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Indigenous Knowledge as Local Response to Globalization and Climate Change in Nigeria/Africa

Fri, September 1, 2:00 to 3:30pm, Sheraton Boston, Floor: 3, Gardner B


As we now adopt the Sustainable Development Goals post-2015, indigenous knowledge may prove to be “the single largest knowledge resource not yet mobilized in the development enterprise”. Many critics of African development liken the current pattern of development in the continent to building a house from the roof down as “all the institutions of modernization appear to be suspended over societies that have no firm connection to them, and whose indigenous institutions, even when oriented in the right direction, lack the necessary scaffolding to connect them to their modern surrogates”. Africa contributes least to, but suffers the most from the disastrous consequences of climate change. While the industrialized and more affluent countries are rightly being called upon to take greater responsibility for the current global environmental and economic crises, Marshall Sahlins has emphasized the need for all peoples “to indigenize the forces of global modernity, and turn them to their own ends”, as the real impact of globalization depends largely on the responses developed at the local level. How can Africa engage profitably with globalization, and cope effectively with the worsening threats of flooding, droughts and other emergencies that result from extreme weather conditions?
For a long time African customs and traditions were misperceived as irrational and incompatible with the conventional strategies of development. But the current global economic and ecological crises have exposed flaws in the Western neo-liberal model of development which is largely to blame for these problems, and for widening inequalities within and between nations. With the obvious underperformance of the Millennium Development Goals in Africa, there is now renewed interest in an alternative approach to development which emphasizes the cultural dimension of development, and the overlooked potential of indigenous knowledge. This paper considers how indigenous knowledge and practice can be put to good use in support of good governance, agriculture and natural resource management, poverty alleviation, and the mitigation and adaptation to climate change. Although poverty may sometimes force people to use resources unsustainably, most traditional African societies have deeply entrenched ideas about environmental protection and sustainability because their livelihood depends largely on the land and on the stability of the ecosystem. They believe that land and other forms of nature are sacred, and are held in trust by the present day users on behalf of dead ancestors and future generations.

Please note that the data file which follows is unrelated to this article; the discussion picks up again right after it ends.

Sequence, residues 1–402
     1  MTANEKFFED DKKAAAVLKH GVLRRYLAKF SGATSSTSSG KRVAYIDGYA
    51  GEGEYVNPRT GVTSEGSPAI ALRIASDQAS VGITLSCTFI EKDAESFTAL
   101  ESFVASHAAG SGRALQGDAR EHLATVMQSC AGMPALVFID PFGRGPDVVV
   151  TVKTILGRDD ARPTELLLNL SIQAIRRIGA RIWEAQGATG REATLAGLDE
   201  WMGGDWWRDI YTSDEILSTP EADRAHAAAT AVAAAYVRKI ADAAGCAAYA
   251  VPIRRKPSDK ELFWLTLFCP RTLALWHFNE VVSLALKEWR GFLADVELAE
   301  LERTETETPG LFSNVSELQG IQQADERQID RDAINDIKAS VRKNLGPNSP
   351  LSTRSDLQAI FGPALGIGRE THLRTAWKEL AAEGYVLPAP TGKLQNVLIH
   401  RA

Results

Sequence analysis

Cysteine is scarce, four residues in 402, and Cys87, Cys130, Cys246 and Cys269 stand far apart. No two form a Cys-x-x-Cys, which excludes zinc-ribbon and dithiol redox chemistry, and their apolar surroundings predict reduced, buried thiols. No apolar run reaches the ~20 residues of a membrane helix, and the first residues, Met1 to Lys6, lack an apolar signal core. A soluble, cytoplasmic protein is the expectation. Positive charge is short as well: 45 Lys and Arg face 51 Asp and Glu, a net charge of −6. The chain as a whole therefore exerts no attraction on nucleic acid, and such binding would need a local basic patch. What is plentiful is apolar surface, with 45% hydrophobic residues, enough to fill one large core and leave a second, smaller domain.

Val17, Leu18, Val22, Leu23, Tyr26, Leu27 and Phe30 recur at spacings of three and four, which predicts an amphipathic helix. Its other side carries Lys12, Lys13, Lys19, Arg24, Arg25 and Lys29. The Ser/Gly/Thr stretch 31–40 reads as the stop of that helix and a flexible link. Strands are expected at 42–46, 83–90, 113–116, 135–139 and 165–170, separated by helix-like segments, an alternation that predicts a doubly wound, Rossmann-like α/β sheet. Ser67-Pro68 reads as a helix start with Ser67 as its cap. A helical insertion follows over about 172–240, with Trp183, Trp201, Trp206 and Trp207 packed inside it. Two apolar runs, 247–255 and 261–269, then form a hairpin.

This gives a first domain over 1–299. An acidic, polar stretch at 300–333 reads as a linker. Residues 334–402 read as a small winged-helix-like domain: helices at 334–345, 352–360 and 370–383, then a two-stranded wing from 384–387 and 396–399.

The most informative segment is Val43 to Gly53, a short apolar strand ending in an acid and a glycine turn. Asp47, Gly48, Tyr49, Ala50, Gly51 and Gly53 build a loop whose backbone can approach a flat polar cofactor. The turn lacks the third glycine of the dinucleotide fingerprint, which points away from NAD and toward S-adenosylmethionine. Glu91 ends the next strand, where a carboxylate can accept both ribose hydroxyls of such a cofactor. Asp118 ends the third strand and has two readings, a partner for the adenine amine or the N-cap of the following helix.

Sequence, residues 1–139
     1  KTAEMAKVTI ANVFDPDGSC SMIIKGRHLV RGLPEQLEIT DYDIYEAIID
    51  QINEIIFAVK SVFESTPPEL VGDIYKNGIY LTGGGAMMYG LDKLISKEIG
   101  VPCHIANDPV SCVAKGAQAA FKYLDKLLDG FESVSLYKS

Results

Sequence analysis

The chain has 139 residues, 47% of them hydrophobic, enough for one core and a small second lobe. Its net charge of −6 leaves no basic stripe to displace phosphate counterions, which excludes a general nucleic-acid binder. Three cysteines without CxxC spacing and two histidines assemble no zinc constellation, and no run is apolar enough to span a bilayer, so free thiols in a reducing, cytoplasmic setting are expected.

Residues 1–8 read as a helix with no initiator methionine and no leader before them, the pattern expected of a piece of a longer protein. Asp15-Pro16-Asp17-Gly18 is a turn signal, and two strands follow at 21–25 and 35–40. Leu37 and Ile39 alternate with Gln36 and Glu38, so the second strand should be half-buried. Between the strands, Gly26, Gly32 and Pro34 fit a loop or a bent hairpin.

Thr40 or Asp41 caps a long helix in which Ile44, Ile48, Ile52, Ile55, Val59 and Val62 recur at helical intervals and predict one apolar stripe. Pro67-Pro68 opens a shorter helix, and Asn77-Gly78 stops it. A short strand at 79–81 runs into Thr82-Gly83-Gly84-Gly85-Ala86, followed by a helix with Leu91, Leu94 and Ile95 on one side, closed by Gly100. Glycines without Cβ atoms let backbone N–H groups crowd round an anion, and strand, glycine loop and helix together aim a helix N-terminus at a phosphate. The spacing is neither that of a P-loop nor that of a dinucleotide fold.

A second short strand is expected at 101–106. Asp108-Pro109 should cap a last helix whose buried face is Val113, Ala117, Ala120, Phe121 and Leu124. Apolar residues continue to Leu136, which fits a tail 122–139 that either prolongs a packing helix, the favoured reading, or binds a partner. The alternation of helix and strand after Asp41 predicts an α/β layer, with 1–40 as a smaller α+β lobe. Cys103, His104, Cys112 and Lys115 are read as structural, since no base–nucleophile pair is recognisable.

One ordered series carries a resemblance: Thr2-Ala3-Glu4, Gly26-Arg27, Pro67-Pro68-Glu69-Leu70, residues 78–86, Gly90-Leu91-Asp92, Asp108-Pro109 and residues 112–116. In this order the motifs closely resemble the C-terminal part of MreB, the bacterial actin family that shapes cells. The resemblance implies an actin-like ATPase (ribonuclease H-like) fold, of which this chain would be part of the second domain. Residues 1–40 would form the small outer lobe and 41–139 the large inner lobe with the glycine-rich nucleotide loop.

The paper argues that the indigenous knowledge movement is not only a useful and creative way to respond to globalization, it also has great potential for the mitigation and adaptation to climate change. Africa cannot now contemplate an insular and entirely home grown approach to its development, but indigenous knowledge does offer a model for rethinking and redirecting the development process, and for enlisting positive traditional values and institutions in a way that enables and empowers local actors to take part in their own development. Development agents, researchers and donors, who often assume a knowledge or capacity vacuum in Africa, should instead try to tap into indigenous knowledge for locally appropriate ways of forecasting weather systems, traditional techniques of soil management, pest and disease control, adopting suitable crop and animal varieties, and so on. By building on the indigenous we can make development more participatory and sustainable, and also promote intercultural dialogue in African development.